These areas range in size from several millimeters in diameter to coalescent lesions that are even larger. Skin findings in MPA may also include small flesh-colored bumps (papules); small-to-medium sized blisters (vesiculobullous lesions); or as small areas of bleeding under the nails that look like splinters (pictured below), hence the name splinter hemorrhages.
Peripheral nervous system
Damage to peripheral nerves (i.e., nerves to the hands and feet, arms and legs) results from inflammation of the blood vessels that supply the nerves with nutrients. Inflammation in these blood vessels deprives the nerves of their nutrients, leading to nerve infarction (tissue death). Multiple nerve involvement that is characteristic of vasculitis is known as “mononeuritis multiplex”. This condition is frequently associated with wrist or foot drop: the inability to extend the hand “backwards” at the wrist or to flex the foot upward toward the head at the ankle joint. If the condition is caused by nerve deterioration associated with vasculitis, unfortunately, surgery is not a treatment option due to the nerve infarcton (tissue death).
Neurologic symptoms resulting from peripheral nerve damage may also include numbness or tingling in the arm, hand, leg, or foot. Over time, muscle wasting (pictured below) that is secondary to the nerve damage may result from damage caused by vasculitis.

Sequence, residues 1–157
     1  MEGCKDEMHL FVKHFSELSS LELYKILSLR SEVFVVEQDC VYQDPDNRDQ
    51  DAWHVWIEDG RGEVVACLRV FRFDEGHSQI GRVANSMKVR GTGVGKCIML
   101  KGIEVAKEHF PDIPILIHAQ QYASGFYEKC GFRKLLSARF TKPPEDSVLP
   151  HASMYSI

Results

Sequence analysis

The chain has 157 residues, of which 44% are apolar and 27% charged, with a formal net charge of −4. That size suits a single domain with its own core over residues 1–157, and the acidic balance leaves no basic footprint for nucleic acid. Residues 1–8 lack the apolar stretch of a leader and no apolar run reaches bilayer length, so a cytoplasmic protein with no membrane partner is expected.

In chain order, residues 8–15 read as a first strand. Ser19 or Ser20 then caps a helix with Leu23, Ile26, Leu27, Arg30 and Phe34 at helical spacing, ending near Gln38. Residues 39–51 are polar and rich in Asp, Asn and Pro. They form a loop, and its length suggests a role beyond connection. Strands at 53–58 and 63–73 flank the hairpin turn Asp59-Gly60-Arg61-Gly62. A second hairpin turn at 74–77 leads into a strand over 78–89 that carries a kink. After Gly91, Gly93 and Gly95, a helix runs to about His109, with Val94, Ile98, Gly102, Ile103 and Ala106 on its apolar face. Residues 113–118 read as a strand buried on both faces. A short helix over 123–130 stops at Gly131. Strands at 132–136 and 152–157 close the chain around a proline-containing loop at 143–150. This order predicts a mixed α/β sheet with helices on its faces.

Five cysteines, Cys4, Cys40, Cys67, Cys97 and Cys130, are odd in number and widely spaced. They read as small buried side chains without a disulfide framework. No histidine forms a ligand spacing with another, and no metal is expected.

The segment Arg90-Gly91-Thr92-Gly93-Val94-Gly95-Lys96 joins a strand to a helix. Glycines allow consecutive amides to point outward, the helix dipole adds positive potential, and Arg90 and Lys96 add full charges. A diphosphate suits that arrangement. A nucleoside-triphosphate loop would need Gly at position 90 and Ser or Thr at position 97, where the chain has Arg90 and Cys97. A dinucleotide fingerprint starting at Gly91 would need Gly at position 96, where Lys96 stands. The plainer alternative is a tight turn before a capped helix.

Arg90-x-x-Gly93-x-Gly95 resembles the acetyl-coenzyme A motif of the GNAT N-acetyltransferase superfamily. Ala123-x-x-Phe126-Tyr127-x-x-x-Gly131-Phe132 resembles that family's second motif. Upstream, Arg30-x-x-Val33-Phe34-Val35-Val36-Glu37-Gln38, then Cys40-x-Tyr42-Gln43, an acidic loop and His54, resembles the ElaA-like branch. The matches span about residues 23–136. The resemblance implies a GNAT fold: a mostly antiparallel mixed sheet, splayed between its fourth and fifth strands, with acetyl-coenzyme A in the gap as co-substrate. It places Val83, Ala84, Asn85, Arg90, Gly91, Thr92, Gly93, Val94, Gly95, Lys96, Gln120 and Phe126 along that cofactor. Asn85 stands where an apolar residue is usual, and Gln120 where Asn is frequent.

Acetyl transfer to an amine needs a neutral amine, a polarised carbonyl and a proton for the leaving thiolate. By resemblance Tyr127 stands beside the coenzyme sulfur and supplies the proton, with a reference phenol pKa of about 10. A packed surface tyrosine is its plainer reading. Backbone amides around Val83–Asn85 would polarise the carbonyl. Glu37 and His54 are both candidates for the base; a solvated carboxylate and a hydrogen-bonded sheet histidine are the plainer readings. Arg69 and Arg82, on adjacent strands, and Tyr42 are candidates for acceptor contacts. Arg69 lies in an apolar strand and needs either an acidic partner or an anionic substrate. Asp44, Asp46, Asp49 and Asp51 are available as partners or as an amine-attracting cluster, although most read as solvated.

The hand on the left (the patient’s right hand) is normal, displaying normal muscle bulk of the areas between the fingers. In contrast, the hand on the right (the patient’s left) shows wasting of the muscle in the web space between the thumb and first finger, leading to a hollowed-out, bowl-like appearance of that area. The consequence of this muscle wasting is that the patient is unable to grasp objects between his thumb and fingers (i.e., has a weak pinch) and his hand grip is weak.
Lung involvement can be a dramatic and life-threatening manifestation of MPA. When lung disease takes the form alveolar hemorrhage – bleeding from the small capillaries that are in contact with the lungs’ microscopic air sacs – the condition may quickly pose a threat to the patient’s respiratory status (and therefore to the patient’s life). Alveolar hemorrhage (pictured below), which is frequently heralded by the coughing up of blood, occurs in approximately 12% of patients with MPA .
Another common lung manifestation of MPA is the development of non-specific inflammatory infiltrates, identifiable on chext x-rays or computed tomography (CT scans) of the lung.
Eyes, Muscles, and Joints
Organs that also merit mention in discussions of MPA include the eyes, muscles, and joints. Intermittent irritation of the eye (resembling “pinkeye”) that is caused by either conjunctivitis or episcleritis may be an early disease manifestation or a sign of a disease flare. Occasionally other types of inflammation (e.g., uveitis) are also observed in MPA. Muscle or joint pains (known to clinicians as “myalgias” or “arthralgias”, respectively) are common complaints in MPA, generally accompanying the types of constitutional symptoms mentioned above. Arthritis (inflammation of the joints accompanied by swelling) can also be observed in MPA. Joint complaints in MPA and related forms of vasculitis tend to migrate from one joint to another – one day involving the left ankle, the next day the right wrist, the third day a shoulder, for example.
Forms of vasculitis similar to Microscopic Polyangiitis
The similarities and differences between MPA, GPA, and PAN are highlighted in the table below.
|BLOOD VESSEL SIZE
|Small to Medium
|Small to Medium
|BLOOD VESSEL TYPE
|Arterioles to venules, And sometimes Arteries and veins
|Arterioles to venules, And sometimes Arteries and veins
1 Pulmonary capillaritis in MPA and nodules or cavitary lesions in WG